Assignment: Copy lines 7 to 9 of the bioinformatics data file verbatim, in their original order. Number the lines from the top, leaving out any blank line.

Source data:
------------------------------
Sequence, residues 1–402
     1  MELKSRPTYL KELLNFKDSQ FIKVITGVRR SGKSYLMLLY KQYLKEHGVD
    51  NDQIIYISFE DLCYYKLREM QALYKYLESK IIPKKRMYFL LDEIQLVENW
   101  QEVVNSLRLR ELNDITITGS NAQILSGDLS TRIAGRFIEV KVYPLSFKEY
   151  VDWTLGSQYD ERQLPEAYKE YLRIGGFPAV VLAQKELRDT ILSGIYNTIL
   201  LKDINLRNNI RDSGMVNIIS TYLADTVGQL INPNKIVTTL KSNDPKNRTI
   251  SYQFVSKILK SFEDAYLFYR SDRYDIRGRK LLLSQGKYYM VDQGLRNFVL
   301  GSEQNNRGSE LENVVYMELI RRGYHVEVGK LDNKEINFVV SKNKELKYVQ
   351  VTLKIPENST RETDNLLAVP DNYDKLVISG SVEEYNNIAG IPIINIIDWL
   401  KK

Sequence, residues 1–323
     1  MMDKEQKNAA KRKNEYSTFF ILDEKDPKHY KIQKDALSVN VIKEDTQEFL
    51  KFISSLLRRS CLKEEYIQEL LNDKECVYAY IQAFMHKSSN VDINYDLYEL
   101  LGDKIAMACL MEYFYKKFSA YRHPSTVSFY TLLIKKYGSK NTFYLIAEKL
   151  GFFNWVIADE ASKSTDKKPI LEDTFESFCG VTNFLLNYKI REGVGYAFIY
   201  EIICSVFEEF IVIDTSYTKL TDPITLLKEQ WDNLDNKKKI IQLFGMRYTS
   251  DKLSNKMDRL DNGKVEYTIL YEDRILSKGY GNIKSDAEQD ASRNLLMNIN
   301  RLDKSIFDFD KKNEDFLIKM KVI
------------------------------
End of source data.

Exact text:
   251  SYQFVSKILK SFEDAYLFYR SDRYDIRGRK LLLSQGKYYM VDQGLRNFVL
   301  GSEQNNRGSE LENVVYMELI RRGYHVEVGK LDNKEINFVV SKNKELKYVQ
   351  VTLKIPENST RETDNLLAVP DNYDKLVISG SVEEYNNIAG IPIINIIDWL